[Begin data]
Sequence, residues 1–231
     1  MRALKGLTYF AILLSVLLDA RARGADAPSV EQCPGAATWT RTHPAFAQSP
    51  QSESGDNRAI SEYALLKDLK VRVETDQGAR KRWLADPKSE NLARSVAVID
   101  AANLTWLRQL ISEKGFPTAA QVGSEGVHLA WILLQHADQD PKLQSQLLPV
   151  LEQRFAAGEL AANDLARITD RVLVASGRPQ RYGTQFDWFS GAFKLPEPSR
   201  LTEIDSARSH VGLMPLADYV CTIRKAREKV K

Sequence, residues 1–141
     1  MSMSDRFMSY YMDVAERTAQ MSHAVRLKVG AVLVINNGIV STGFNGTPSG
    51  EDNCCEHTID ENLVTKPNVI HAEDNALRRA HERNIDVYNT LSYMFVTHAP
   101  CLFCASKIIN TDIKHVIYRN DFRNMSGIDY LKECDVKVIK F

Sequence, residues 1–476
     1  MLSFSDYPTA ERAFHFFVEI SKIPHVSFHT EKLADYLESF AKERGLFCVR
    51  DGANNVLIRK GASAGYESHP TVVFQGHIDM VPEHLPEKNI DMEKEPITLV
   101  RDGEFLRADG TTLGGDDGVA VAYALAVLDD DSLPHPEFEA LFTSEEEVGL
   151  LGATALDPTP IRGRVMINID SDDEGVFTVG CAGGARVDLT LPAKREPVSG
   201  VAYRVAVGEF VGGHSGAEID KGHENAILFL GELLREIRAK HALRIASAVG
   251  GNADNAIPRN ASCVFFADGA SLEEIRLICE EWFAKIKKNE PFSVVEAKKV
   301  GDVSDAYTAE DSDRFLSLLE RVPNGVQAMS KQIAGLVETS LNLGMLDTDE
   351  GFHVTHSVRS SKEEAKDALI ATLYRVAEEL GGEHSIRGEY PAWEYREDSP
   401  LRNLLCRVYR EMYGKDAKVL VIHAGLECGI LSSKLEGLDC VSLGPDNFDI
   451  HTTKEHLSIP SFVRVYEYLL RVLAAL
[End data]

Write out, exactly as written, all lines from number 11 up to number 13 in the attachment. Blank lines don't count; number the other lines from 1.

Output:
Sequence, residues 1–476
     1  MLSFSDYPTA ERAFHFFVEI SKIPHVSFHT EKLADYLESF AKERGLFCVR
    51  DGANNVLIRK GASAGYESHP TVVFQGHIDM VPEHLPEKNI DMEKEPITLV